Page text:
The cast of Super Mario Bros., with the exception, perhaps, of Dennis Hopper, appear to just go through the motions.  Hopper has the closest thing to a standout performance in Super Mario Bros. as the villainous King Koopa.  He takes ‘over the top’ to a new level, delivering phrases such as “muster the goombas,” with absurd conviction.  Bob Hoskins, as Mario, seems to be channeling his Eddie Valiant character from Who Framed Roger Rabbit,* with his faux Brooklyn accent.  He does the best he can with what he has to work with, resulting in a professional, if unspectacular performance.  Similarly, John Leguizamo, as Mario’s younger brother Luigi,** does little to distinguish himself.  Samantha Mathis, as Princess Daisy, and Luigi’s nominal love interest, is a bland heroine.  She’s introduced at the beginning of the film as a paleontologist, but this thread is dropped early on as she exists solely to be Koopa’s passive hostage.   

* Another tenuous link to Who Framed Roger Rabbit is Alan Silvestri’s score, which seems to borrow liberally from that 1988 film.

** Hoskins, more than 21 years Leguizamo’s senior, probably would have been better off playing his father.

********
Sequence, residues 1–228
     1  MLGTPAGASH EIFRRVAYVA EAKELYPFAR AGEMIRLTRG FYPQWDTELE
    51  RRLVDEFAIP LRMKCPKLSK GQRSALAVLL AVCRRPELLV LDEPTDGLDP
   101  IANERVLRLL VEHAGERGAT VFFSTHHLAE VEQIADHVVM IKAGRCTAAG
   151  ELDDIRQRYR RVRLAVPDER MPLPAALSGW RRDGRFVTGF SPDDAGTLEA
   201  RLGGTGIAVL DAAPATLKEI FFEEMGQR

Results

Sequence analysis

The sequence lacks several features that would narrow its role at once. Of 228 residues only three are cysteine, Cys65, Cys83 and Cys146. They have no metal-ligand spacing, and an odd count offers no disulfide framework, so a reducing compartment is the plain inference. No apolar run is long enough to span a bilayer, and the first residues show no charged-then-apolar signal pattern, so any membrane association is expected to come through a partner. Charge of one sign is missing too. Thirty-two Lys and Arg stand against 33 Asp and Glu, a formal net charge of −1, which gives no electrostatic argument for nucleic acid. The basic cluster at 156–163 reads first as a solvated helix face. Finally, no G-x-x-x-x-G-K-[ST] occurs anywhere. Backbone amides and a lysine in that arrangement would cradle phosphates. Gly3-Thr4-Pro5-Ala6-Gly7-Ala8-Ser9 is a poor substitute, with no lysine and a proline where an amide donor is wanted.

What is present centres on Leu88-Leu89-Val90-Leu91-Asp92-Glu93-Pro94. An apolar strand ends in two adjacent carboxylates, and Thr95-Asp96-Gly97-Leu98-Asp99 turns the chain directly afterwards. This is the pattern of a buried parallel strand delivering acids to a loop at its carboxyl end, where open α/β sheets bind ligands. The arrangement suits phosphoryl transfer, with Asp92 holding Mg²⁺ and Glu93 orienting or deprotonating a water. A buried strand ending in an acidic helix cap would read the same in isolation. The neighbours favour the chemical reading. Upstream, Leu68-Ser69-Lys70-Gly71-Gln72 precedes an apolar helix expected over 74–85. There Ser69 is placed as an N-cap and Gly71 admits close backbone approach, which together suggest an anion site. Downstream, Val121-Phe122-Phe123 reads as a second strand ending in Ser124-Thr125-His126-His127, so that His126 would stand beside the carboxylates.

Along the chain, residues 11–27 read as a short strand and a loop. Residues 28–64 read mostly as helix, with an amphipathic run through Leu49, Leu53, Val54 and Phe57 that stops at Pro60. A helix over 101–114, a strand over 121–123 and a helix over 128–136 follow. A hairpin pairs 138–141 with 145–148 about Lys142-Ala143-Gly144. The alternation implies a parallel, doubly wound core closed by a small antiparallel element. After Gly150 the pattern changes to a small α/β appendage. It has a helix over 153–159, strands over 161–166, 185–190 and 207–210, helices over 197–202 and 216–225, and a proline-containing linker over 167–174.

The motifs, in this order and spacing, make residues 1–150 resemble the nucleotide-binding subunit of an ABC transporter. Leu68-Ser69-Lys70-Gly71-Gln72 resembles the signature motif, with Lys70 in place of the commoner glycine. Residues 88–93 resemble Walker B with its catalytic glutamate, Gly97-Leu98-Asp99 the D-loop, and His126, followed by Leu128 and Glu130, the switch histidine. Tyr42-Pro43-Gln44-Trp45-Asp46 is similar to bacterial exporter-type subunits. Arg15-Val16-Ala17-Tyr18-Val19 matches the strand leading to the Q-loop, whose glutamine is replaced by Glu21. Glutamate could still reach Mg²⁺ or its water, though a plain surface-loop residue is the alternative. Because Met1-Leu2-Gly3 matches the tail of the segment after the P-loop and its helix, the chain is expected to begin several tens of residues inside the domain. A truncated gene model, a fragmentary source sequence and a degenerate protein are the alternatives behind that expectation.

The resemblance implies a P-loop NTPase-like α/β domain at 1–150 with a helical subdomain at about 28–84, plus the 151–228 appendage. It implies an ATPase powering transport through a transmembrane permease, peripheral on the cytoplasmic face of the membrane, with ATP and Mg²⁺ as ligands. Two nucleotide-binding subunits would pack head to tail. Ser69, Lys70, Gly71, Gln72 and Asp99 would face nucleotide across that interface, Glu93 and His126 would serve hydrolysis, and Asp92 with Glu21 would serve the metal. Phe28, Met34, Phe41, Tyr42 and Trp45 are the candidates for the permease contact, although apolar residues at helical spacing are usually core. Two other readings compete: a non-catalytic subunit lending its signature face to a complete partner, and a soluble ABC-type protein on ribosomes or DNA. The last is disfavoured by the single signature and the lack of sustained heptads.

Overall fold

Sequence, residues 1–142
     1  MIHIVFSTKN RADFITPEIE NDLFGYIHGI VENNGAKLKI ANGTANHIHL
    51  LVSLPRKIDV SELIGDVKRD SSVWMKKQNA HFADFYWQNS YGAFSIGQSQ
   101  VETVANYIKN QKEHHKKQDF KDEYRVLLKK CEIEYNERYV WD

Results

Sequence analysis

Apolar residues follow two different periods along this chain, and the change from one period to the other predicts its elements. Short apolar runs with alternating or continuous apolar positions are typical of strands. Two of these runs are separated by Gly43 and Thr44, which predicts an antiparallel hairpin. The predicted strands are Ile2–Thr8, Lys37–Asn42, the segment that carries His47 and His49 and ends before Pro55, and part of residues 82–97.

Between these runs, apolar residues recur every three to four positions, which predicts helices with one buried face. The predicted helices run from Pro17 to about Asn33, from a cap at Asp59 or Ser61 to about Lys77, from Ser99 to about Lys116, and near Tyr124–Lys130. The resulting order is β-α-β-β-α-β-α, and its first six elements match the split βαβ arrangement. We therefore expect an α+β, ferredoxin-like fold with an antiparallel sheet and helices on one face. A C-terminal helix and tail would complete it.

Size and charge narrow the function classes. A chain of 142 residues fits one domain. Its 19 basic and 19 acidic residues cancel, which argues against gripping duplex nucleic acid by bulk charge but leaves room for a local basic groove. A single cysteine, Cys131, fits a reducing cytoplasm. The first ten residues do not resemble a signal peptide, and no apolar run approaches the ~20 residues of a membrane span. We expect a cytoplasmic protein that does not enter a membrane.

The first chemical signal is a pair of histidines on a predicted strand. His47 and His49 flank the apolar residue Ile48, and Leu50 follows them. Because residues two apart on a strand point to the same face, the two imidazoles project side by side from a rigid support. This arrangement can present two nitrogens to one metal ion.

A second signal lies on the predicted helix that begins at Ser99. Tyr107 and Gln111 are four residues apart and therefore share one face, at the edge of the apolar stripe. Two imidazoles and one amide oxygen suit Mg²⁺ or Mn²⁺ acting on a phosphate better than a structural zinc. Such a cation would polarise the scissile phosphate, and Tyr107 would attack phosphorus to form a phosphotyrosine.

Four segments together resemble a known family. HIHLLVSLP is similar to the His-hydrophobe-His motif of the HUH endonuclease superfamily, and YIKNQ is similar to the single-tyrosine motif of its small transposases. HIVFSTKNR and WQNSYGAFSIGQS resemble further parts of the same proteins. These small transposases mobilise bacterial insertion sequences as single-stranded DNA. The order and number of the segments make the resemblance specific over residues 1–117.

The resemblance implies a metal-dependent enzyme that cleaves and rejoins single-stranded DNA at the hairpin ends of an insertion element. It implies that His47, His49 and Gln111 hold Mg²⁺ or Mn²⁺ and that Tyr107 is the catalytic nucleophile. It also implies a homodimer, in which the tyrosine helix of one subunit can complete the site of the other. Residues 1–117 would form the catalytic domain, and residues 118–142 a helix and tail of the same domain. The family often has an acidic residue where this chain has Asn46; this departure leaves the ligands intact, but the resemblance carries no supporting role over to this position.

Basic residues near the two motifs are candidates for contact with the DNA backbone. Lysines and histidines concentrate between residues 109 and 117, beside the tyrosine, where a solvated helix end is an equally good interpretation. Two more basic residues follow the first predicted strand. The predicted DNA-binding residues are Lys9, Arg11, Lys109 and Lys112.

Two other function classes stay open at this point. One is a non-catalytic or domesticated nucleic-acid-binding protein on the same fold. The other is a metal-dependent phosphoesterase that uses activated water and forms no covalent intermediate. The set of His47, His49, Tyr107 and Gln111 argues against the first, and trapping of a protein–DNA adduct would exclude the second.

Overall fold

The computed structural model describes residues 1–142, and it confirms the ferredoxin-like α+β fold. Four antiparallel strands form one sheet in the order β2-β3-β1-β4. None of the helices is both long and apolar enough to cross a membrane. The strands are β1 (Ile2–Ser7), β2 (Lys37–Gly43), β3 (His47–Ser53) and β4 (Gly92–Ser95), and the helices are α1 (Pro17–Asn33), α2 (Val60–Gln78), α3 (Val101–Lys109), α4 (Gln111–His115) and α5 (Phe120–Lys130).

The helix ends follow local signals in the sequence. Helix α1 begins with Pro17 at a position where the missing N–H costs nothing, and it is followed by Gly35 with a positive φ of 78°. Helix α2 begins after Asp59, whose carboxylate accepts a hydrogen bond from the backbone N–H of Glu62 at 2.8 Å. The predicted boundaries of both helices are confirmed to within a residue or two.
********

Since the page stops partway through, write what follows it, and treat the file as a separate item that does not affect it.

The filmmakers made poor choices at every turn, starting with the appearance of the movie.  The alternate-universe world that King Koopa and his reptilian-evolved kin inhabit resembles a Blade Runner-esque dystopia, choking under its urban sprawl – a far cry from the cartoonish, kid friendly world depicted in the Nintendo game series.  Mario’s cute pal Yoshi is transformed into a semi-realistic dinosaur, appearing more ferocious than cuddly.  It’s always a bad sign when I’m watching the counter on my DVD player, wondering when the movie will end, instead of being engrossed by the action on the screen.  The action sequences are bewildering instead of exciting, with the lead characters running around pointlessly, seemingly without an objective in mind.   Much like Howard the Duck, Super Mario Bros. mistakes frenetic activity for comedy (when all else fails, add a confusing chase scene to the mix).  All of this left me wondering who the intended audience was.  It’s too lowbrow to interest adults looking for sophisticated entertainment, and too dark for families expecting light entertainment, while fans of the video game would be disappointed by the few concessions to the source material.  In the end, the film simply came off as a joyless and cynical cash grab, banking on the built-in audience from the Nintendo game.